The share of women among researchers has increased between four and 11 percentage points between the periods 1996-2000 and 2011-2015 among 12 geographies. Across these geographies, women's scholarly articles are cited or downloaded at similar rates to men's while women tend to publish fewer articles than men on average, demonstrating a gender balance in terms of research impact. These are among two of the key findings presented in a new global study, released by Elsevier, the information analytics company specializing in science and health.
Drawing upon high-quality data sources, analytical expertise and a unique gender disambiguation methodology, the comprehensive report, "Gender in the Global Research Landscape," measures research performance and gender representation over 20 years, across 12 geographies and 27 disciplines.
"Progress is occurring in terms of increased participation of women in research, albeit incrementally and unevenly, which is a sign that efforts to encourage women to engage in research, including in the science, technology, engineering and mathematics (STEM) fields, are gaining traction," said Dr. Holly Falk-Krzesinski, Elsevier's Vice President of Strategic Alliances-Global Academic Relations.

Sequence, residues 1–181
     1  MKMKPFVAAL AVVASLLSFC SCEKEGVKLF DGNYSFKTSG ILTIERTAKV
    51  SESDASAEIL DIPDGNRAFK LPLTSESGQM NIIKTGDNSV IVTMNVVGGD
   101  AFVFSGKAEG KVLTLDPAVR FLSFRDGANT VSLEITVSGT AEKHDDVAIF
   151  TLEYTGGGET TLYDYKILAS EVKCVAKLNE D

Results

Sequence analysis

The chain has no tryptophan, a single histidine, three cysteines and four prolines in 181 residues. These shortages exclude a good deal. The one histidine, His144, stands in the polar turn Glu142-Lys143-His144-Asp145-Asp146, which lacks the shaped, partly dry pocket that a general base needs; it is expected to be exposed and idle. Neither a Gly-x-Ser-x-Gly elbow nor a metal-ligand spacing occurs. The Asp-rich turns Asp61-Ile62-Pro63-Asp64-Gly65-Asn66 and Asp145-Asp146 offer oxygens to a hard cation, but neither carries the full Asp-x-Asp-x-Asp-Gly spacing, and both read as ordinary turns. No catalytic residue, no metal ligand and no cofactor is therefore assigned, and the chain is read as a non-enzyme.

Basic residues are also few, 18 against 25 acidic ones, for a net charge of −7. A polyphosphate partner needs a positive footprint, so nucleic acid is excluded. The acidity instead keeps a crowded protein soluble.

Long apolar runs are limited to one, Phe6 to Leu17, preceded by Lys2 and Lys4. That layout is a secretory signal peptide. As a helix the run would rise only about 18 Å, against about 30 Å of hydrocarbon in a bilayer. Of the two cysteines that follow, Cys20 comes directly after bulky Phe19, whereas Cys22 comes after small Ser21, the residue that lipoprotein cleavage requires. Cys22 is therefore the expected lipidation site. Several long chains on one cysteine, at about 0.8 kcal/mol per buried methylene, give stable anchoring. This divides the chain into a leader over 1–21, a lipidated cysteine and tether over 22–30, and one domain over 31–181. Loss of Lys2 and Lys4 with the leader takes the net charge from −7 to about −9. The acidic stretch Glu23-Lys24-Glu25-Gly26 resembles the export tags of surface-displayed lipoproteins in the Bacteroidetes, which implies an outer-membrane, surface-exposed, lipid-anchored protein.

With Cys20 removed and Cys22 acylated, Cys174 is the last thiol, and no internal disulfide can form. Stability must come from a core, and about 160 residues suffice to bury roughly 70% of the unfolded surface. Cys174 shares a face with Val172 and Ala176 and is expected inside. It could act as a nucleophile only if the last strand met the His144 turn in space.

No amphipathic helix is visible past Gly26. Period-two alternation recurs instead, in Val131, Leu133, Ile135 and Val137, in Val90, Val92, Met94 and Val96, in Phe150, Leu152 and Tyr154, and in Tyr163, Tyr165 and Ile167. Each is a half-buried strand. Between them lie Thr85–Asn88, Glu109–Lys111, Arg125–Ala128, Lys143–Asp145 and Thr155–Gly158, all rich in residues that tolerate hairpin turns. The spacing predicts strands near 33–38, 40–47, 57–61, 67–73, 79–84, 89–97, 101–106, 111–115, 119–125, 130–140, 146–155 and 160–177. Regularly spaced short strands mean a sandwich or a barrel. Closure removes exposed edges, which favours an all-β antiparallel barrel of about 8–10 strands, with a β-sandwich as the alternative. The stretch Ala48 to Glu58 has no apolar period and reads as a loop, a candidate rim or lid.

Between 1996 and 2000, among the 12 countries/regions that were studied, only Portugal had a women researcher population greater than 40%; by the period 2011-2015, nine countries/regions had a women researcher population of 40% or more. These countries/regions are: Australia, Brazil, Canada, Denmark, the European Union, France, Portugal, the United Kingdom, and the United States. The remaining countries with still fewer than 40% women researchers are: Chile, Mexico and Japan.
General trends found across all countries/regions that were studied are:
Findings for specific countries/regions include:
"A lot of discussions around gender disparity are driven by experience and speculation. While that's a good place to start, there is a knowledge gap that makes it difficult to move to effective interventions and policy. With this report we bring empirical insight to those discussions. This data can be used -- and built upon -- by research leaders, research funding organizations, government and policy makers working on themes critical to the STEM industry," Falk-Krzesinski said.
The report is based on Elsevier's SciVal and Scopus data combined with name data from social media, applied onomastics and Wikipedia. The analyses were further informed by input from stakeholder organizations and individuals around the world including the World Intellectual Property Organization (WIPO).
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